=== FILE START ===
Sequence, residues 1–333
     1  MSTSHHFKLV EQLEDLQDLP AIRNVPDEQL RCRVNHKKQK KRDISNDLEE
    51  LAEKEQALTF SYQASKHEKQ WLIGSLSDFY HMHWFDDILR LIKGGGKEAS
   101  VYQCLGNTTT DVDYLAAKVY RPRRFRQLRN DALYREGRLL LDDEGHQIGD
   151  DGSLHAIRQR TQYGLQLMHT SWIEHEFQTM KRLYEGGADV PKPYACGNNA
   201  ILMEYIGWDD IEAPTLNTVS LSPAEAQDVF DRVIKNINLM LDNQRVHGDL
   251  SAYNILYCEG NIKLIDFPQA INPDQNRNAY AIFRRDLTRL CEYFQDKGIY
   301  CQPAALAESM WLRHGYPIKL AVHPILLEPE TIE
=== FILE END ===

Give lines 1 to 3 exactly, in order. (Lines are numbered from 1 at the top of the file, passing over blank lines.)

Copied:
Sequence, residues 1–333
     1  MSTSHHFKLV EQLEDLQDLP AIRNVPDEQL RCRVNHKKQK KRDISNDLEE
    51  LAEKEQALTF SYQASKHEKQ WLIGSLSDFY HMHWFDDILR LIKGGGKEAS